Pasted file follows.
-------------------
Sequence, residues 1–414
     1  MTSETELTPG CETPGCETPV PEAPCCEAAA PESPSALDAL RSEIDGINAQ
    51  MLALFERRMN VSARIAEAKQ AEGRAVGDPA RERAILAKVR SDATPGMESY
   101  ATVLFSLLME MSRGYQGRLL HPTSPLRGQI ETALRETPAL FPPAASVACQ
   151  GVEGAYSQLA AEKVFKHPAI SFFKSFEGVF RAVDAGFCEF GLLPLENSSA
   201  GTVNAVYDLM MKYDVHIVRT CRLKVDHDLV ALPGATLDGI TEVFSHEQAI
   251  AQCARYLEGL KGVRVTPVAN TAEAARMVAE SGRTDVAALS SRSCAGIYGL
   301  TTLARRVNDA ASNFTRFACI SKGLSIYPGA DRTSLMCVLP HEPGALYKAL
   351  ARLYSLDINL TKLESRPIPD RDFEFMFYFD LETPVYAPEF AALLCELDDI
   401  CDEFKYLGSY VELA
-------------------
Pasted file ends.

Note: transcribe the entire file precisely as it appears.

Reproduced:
Sequence, residues 1–414
     1  MTSETELTPG CETPGCETPV PEAPCCEAAA PESPSALDAL RSEIDGINAQ
    51  MLALFERRMN VSARIAEAKQ AEGRAVGDPA RERAILAKVR SDATPGMESY
   101  ATVLFSLLME MSRGYQGRLL HPTSPLRGQI ETALRETPAL FPPAASVACQ
   151  GVEGAYSQLA AEKVFKHPAI SFFKSFEGVF RAVDAGFCEF GLLPLENSSA
   201  GTVNAVYDLM MKYDVHIVRT CRLKVDHDLV ALPGATLDGI TEVFSHEQAI
   251  AQCARYLEGL KGVRVTPVAN TAEAARMVAE SGRTDVAALS SRSCAGIYGL
   301  TTLARRVNDA ASNFTRFACI SKGLSIYPGA DRTSLMCVLP HEPGALYKAL
   351  ARLYSLDINL TKLESRPIPD RDFEFMFYFD LETPVYAPEF AALLCELDDI
   401  CDEFKYLGSY VELA